Test Drive Notes Library
- Quiet. This is one of the most impressively quiet sedans we’ve driven. If your pet peeve is road noise, we have the car for you.
- Comfortable. Some recent model Cadillacs, like the ATS, can’t seem to figure out if they want to be luxury cars or hard-riding sporty cars. The CT6 lets you know you’re in a luxury car. The seats are awesome. The ride is smooth and pliant, especially with the optional magnetic ride control. The interior is tasteful and well done. It’s not over the top or brassy. The materials look to be good quality, and the fit and finish is excellent.
- Handling. Although it’s clearly a comfortable car — as God intended Cadillacs to be — the handling is pretty respectable. It doesn’t feel like you’re driving a large car (except when you’re parking). On twisty roads, it makes you feel confident, with no wallowing or body sway. It feels pretty light on its feet for a 4,000 pound sled.
- Back seat room. Cross your legs, businessmen! If you have to tote around adults, they’ll be grateful to you for leasing a CT6. There’s an unusual amount of leg room in the comfortable (and heated) back seats. It’s larger, back there, than in most mid-size sedans. Our Platinum test version had video screens for each back seat passenger, for when they got bored by our conversation.
- Improved CUE system. We’ve disliked the CUE system in the past, but to be fair, it’s better now. It seems to respond a lot faster, with little of the infuriating waiting we used to experience. The screen is big, at 10-diagonal-inches, and the menus are pretty clear. There’s also Apple Car Play and Android Auto.
- Thin A-pillars. Cadillac seems to have put some money into extra strength steel for the A-pillars. They’re thinner than you’d expect in a car like this, and that improves front-side visibility.
- Heads up display. The Platinum edition CT6 projects key information, like speed and navigation directions, so that it appears to be floating at the front end of the hood. Good controls for location and brightness make this heads-up display particularly useful.
Test Drive Notes Library
- Oh, for a volume knob! Cadillac is still insisting on using a touch sensitive volume bar under the touch screen. It might be time for Cadillac owners to storm their offices in NY and refuse to let Caddy execs go out for more caviar until they relent and give us a damn volume knob. Fortunately, there are controls in the steering wheel, but it’s not always in the right orientation when you need it.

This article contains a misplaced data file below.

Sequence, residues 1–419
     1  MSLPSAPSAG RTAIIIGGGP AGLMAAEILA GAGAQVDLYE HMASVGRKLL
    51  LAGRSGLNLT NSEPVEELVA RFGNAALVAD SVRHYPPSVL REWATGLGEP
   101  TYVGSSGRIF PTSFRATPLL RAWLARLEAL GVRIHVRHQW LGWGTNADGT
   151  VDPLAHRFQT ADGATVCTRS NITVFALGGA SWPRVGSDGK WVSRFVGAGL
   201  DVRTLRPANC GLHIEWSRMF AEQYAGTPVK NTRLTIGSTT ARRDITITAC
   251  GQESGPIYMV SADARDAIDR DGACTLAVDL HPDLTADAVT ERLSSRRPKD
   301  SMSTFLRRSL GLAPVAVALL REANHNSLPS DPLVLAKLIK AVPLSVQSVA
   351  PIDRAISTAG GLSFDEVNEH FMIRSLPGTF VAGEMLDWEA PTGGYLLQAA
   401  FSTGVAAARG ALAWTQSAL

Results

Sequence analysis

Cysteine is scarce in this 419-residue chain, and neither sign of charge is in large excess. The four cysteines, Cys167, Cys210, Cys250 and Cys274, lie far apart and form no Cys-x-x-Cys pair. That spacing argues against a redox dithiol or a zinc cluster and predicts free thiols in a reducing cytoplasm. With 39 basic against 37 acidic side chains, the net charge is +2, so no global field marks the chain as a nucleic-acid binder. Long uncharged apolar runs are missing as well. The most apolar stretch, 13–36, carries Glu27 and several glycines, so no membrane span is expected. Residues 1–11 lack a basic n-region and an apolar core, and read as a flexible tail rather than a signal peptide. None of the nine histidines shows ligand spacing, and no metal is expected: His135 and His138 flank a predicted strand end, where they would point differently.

- Transmission. We don’t know if it was just our test car, or CT6-es in general, but we experienced hard shifts between first and second gear, both on the way up, and sometimes on the way down. We also felt other shifts more than we believe we should have. The truth is, we’ve driven Lexuses and BMWs (and even other GM cars) whose automatic transmissions were practically unnoticeable. And when you buy a $60,000 to $70,000 luxury car (or in the case of our top of the line Platinum AWD test version, $90,000), the last thing you want to feel is harsh shifts.
- Mileage. While the CT6 is rated at 18/26 and 21 mpg overall, our (admittedly mostly city driving) test resulted in a mediocre 16.5 MPG overall. The on-board computer noted that our “highest recorded mileage” was 29.2 on the highway. But that may have been going downhill. You have a choice of engines in the CT6. We drove the most powerful twin turbo V6, which delivers 400+ horsepower, which suggests you’d do fine with one of the other, less-ridiculously powerful engines.
- Safety Equipment. While the CT6 boasts a lot of great safety equipment in the mid-level models (blind-spot monitors, low-speed automatic emergency braking), the full-speed emergency braking is only available on the high-end model. That’ll change over the next few years when consumers start demanding all-speed emergency braking in their Kia Rios. But for now, you’ll have to pay dearly for it.
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